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Breastfed babies less hostile in adulthood

09 February 2012 15:18 Journal of Psychotherapy and Psychosomatics

A report in the last 2011 issue of Psychotherapy and Psychosomatics introduces a new positive effect of breast­feeding.

Hostility is a personality construct that represents the opposite of warm attachment and that is closely related to a wide range of social and health problems, including mental health outcomes. Although the importance of cold and unsupportive parenting for the development of hostility has been recognized, there have been no studies focusing on the significance of breast­feeding on offspring hostility. The Authors of this report hypothesize that breast­feeding protects the child from developing a hostile personality in adulthood. The study was conducted on a population-based sample of the Young Finns Study consists of Finnish children and adolescents randomly selected to represent the whole of Finland. The eligible sample consisted of 1,917 participants born full term with birth weights 6 2,500 g and whose hostility was measured in 1992, 1997, 2001 and 2007. Altogether 5,501 participant observations were available from the 4 study waves.

Breast­feeding was measured in 1983 when the children were on average 12.6 years of age. The parents were asked to report the child's breast­feeding history and additionally to check the information from personal record cards that are obtained by all Finnish mothers. Hostility was assessed with 3 scales at 4 time points in 1992, 1997, 2001 and 2007, when participants had a mean age of 21.5, 26.7, 30.8 and 36.9 years, respectively. "Cynicism" was measured with a scale derived from the Minnesota Multiphasic Personality Inventory, "paranoia" with a subscale of the Symptom Checklist-90R, and "anger" with the irritability scale of the Buss-Durkee Hostility Inventory. A total hostility score was calculated as a mean of the cynicism, paranoia and anger subscales. Most of the mothers had breastfed their child (88.2%), and the average duration of breast­feeding was 4 months. On average, mothers were 27 years old at childbirth, and most of the children were born to nuclear families with 2 - 3 children. The offspring were mostly women (54.5%) with a mean age of 29 years.

The offspring had an average hostility score of 2.53 in adulthood, with cynicism (2.86 vs. 2.68) and paranoia (2.36 vs. 2.29) higher among men, and anger higher among women (2.38 vs. 2.62). Older mothers were less likely than younger mothers to breast­feed (mothers' average age at delivery 29.6 vs. 27.0 years among not breastfed vs. breastfed) but the duration of breast­feeding increased with mother's age Longer duration of breast­feeding was related to less hostile maternal child-rearing practices (r = - 0.10), lower family income (r = - 0.06), higher number of children in the family (r = 0.11) and later birth order of the child (r = 0.14). Of these family characteristics, hostile child-rearing (r = 0.13) and low family income (r = - 0.10) correlated with higher offspring hostility in adulthood (all ps'<0.001). In age- and sex-adjusted multilevel regression models, breast­feeding status predicted total hostility, cynicism and paranoia but not anger. Those who had not been breastfed as infants had higher levels of hostility, especially cynicism and paranoia, in adulthood than their 4- to 6-month-breastfed peers. This population-based study showed that breast­feeding may have long-term effects on offspring hostility. Those who were not breastfed in infancy had higher levels of adult hostility than those who were breastfed.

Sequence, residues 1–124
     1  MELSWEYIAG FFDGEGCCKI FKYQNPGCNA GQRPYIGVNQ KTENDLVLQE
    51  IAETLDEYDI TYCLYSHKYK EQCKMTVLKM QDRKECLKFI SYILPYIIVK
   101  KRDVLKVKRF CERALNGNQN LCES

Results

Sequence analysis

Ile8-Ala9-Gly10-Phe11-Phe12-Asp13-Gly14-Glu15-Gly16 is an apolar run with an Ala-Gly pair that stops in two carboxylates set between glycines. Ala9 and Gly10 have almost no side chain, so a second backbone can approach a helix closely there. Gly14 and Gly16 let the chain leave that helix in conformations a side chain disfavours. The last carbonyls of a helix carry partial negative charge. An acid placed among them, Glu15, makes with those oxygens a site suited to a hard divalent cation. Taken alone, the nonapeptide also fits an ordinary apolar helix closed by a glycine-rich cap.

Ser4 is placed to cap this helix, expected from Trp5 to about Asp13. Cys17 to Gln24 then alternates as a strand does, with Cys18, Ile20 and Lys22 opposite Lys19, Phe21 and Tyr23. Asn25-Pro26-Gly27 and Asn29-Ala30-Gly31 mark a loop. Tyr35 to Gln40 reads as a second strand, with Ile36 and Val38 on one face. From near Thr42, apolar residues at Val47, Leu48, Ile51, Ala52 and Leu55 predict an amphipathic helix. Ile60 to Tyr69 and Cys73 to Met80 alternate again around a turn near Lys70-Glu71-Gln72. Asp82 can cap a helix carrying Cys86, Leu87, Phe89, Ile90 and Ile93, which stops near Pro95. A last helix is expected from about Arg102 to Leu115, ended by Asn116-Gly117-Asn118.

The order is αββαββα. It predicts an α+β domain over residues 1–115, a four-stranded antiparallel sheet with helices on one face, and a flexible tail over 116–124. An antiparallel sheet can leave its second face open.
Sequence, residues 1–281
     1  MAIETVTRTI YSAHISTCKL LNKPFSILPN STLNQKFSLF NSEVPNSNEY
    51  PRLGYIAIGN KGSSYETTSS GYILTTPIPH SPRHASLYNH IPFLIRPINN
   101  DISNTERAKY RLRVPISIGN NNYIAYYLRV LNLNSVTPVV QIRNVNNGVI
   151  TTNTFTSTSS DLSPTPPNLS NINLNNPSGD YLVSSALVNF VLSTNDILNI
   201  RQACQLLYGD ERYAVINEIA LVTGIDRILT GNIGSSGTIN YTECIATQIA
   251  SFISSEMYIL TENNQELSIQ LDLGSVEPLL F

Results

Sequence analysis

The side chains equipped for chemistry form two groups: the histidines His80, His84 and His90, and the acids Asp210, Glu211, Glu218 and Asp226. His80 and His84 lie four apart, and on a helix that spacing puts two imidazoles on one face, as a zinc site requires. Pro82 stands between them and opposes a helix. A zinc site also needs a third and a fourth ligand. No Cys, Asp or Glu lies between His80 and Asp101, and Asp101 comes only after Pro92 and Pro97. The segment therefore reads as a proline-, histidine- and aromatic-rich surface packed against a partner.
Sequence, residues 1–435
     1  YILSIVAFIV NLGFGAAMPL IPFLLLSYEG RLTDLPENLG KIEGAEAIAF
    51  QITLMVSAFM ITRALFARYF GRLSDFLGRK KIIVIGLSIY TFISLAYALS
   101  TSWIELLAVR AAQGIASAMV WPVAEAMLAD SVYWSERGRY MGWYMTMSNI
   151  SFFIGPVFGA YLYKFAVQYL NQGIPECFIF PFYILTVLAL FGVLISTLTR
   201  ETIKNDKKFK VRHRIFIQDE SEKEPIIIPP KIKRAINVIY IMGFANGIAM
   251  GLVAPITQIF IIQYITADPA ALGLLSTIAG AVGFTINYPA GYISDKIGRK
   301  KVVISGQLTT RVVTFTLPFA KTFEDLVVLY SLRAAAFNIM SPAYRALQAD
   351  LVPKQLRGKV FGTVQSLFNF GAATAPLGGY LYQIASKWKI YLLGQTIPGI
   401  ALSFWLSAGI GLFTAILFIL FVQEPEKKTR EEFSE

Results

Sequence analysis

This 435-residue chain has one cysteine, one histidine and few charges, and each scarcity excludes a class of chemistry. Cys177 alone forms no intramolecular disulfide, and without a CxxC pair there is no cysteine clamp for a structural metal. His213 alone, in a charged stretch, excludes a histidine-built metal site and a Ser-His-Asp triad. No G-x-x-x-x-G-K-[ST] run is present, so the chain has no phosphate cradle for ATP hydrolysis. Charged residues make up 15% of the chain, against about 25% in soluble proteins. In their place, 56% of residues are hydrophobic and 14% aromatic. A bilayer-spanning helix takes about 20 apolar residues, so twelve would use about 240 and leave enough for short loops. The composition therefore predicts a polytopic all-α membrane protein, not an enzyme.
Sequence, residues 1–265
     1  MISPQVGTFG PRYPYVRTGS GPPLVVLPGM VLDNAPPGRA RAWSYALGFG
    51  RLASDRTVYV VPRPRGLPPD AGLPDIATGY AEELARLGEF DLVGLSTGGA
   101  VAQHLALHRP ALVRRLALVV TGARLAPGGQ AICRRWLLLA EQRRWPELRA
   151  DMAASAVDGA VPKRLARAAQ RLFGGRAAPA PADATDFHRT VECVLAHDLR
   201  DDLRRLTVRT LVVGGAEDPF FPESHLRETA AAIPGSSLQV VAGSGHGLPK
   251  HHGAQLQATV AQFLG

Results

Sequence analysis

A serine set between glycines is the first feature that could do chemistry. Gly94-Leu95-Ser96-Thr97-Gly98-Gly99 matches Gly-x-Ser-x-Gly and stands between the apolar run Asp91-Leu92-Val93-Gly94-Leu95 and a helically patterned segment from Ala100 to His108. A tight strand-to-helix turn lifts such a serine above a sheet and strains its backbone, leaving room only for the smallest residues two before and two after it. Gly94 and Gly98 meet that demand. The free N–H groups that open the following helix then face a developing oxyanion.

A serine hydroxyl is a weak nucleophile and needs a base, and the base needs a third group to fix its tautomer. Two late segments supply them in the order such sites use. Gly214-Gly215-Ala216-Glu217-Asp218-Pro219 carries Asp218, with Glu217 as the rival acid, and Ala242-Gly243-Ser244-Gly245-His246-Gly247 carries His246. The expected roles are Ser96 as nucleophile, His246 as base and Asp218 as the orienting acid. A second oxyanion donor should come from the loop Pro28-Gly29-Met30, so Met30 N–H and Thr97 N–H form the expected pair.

The association was U-shaped showing that psychological benefits of breast­feeding may already be acquired during the first 6 months, thus even short breast­feeding should be encouraged in maternity clinics. However, long-term breast­feeding of more than a year was not related to lower hostility, which may be explained by other family characteristics associated with longer breast­feeding duration and hostility. This study has the following limitations. First, self-reports of breast­feeding might inflict bias due to recall or social desirability problems. Second, the most disadvantaged participants had dropped out from the study. Future studies should examine potential mechanisms explaining the association between breast­feeding and personality outcomes.

Full bibliographic information: Merjonen, P. ; Jokela, M. ; Pulkki-Råback, L. ; Hintsanen, M. ; Raitakari, O.T. ; Viikari, J. ; Keltikangas-Järvinen, L. Breast­feeding and Offspring Hostility in Adulthood. Psychother Psychosom 2011;80:371-373

Attachment Parenting Research